Wednesday (15 February) MEPs called on the EU to ratify as a bloc the Istanbul Convention on preventing and combatting violence against women.
The report adopted by 469 in favour, 104 against and 55 abstentions, argued that the Istanbul Convention remains the international standard setter and a key tool in eradicating gender-based violence by monitoring and harmonising rules.
The convention is a treaty of the Council of Europe that helps create a legal framework level across Europe to protect women against violence.
So far, 21 member states ratified the convention. Bulgaria, Lithuania, Latvia, Czech Republic, Hungary and Slovakia still have not done so. In Poland, the government has been looking into withdrawing from the convention and has introduced a de facto ban on abortion.
The EU itself signed the convention in 2017, but has not acceded to it as a bloc due to the opposition of some member states.
In 2021, the European Court of Justice issued an opinion, arguing that the council of member states could go ahead with the EU ratification of the convention with a qualified majority in areas where the EU law has competences.
On Wednesday, EU ambassadors signed off — with qualified majority — on two decisions that would give the green light on EU ratification of the convention in areas where the EU has exclusive legal competence, such as EU institutions, some areas of judicial cooperation, asylum and non-refoulement.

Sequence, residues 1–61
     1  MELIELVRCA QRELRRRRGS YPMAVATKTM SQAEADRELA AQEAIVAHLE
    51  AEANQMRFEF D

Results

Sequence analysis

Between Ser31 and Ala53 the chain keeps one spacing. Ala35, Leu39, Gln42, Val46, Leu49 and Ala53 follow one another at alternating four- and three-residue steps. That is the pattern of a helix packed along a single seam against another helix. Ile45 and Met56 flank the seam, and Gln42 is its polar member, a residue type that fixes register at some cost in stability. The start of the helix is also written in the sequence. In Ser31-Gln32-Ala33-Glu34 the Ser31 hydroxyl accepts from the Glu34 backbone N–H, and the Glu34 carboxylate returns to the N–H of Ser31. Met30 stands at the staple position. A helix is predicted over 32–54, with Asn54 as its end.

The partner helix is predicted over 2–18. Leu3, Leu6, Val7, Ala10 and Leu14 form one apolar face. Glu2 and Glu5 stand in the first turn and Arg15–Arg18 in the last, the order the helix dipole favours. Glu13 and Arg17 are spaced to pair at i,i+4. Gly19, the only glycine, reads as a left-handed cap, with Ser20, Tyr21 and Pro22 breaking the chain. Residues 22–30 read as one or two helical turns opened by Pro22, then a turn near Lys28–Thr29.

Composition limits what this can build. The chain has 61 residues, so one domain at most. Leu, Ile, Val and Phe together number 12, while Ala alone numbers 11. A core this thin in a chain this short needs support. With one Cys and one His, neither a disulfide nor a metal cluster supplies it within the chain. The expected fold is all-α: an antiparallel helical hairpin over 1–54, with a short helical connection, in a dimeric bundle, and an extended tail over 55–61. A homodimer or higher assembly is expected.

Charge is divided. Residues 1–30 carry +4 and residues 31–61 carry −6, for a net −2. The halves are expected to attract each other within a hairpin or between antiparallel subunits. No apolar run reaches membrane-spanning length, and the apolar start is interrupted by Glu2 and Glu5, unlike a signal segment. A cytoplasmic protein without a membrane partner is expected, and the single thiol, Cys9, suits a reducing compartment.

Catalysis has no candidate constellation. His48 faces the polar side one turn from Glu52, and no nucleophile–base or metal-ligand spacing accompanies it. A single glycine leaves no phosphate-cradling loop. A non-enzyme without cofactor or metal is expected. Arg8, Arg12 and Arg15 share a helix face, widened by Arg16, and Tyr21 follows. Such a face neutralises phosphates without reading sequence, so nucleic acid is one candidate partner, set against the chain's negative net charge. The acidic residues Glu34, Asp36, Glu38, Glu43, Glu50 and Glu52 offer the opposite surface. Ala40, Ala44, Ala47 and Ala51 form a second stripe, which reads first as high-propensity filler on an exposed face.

Hungary, which is one of the countries that opposes EU ratification of the convention, is expected to object to the qualified majority procedure.
EU affairs ministers are expected to approve formally next week the decision likely be taken by ambassadors.
During the debate on Tuesday in the European Parliament, some MEPs called the delay in ratifying the convention “shameful”.
“It is time for the EU to ratify the Istanbul Convention. The EU must step up and go from words to action to stop gender-based violence, protect victims and punish perpetrators,” centre-right Swedish MEP Arba Kokalari, one of the lawmakers in charge of the file, said.
“Women’s rights should not be a subject of political debate or disagreement,” said the left-wing Polish MEP Łukasz Kohut.
One in three women in the EU, around 62 million women, have experienced physical and or sexual violence. More than half of women (55 percent) in the EU have experienced sexual harassment at least once since the age of 15, according to the EU’s Fundamental Rights Agency.
About 77 percent of women across the EU think that the Covid-19 pandemic has led to an increase in physical and emotional violence against women in their country, according to Eurobarometer data.
In 2021, the European Institute for Gender Equality, another EU agency, estimated that gender-based violence costs €366bn annually to the bloc’s economy.